In 2021, Dr. Barnard was named Vermont Family Physician of the Year. She is the Vermont liaison to the American Clinicians Academy for Medical Aid in Dying. Prior to her present position, was the Medical Director and a board member of Helen Porter Healthcare and Rehabilitation Center. She is a passionate advocate for holistic, comprehensive and patient directed care at the end of life. Dr. Barnard was instrumental in the passage of Act 39 as one of the few practicing physicians who testified for the need for medical aid in dying. She has worked tirelessly to educate medical professionals and serves as the primary resource for clinicians who call PCV or contact her directly for information on aid in dying.
Or mail a check to:
Patient Choices Vermont
PO Box 671
Shelburne, VT 05482
Many thanks for your support and encouragement.
Like many Vermonters, I have been distraught over the U.S. Supreme Court decision to reverse Roe vs Wade. As a lawyer, I am keenly aware that this reversal of a half-century of legal precedent is tied to legal and political theories that pose broader threats to our rights to bodily autonomy.
We are not immune to threats here in Vermont. In 2016, PCV intervened in a lawsuit brought by the Christian Medical and Dental Association (CMDA) claiming that Vermont doctors who have religious objections should not have to discuss medical aid in dying with their patients. The lawsuit was dismissed, but the CMDA continues to look for ways to limit access to medical aid in dying across the country. In California, they sued claiming that doctors who object to medical aid in dying should not have to transfer patient medical records to a new doctor who stands ready to help that patient.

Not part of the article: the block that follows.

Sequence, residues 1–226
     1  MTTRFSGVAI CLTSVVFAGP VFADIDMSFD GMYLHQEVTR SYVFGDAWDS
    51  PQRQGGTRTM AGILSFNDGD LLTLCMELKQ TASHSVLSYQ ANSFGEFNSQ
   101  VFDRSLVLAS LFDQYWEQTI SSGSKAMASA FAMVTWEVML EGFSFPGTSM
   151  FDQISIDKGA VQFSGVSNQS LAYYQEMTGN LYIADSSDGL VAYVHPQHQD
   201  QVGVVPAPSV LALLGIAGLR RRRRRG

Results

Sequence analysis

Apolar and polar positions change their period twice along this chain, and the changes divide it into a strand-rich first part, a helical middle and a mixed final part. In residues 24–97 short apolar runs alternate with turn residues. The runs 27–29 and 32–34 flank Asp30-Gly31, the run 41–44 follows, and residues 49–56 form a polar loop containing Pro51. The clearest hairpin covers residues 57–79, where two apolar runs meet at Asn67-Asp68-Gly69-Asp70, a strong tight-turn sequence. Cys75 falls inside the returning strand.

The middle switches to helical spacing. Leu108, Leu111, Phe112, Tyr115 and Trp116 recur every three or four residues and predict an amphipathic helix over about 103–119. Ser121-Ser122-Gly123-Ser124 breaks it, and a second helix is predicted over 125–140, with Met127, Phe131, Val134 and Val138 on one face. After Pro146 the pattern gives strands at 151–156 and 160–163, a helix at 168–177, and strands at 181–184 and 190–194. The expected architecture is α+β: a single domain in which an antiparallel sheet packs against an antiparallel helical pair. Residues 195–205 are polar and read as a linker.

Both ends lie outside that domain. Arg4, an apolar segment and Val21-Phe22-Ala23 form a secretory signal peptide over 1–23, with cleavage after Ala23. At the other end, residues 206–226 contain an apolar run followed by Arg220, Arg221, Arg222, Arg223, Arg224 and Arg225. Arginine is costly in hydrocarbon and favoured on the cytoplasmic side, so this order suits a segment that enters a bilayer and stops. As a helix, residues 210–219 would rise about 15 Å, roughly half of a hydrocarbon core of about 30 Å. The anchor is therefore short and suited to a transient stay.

Medical aid in dying laws and the laws requiring that an individual's advance directives be followed are grounded in the concept of bodily autonomy – the idea that people have the right to determine how to care for their own bodies and what decisions best serve their lives.
With the recent Supreme Court case on abortion, we are concerned that aid-in-dying opponents will be emboldened to attack end-of-life choice. These people already have tied their opposition to abortion together with end-of-life choice. For example, in thirty states (not Vermont), when a person is pregnant, her advance directives are void by state law.
The basic right to bodily autonomy is at stake. We view attacks on patient-directed care as potentially undermining a patient’s agency in a wide range of medical decision-making.
At PCV we are watching events at the national level, and we are prepared to act if end-of-life choice is threatened in Vermont.
PCV stands ready to defend our right to bodily autonomy.
Or mail a check to:
Patient Choices Vermont
PO Box 671
Shelburne, VT 05482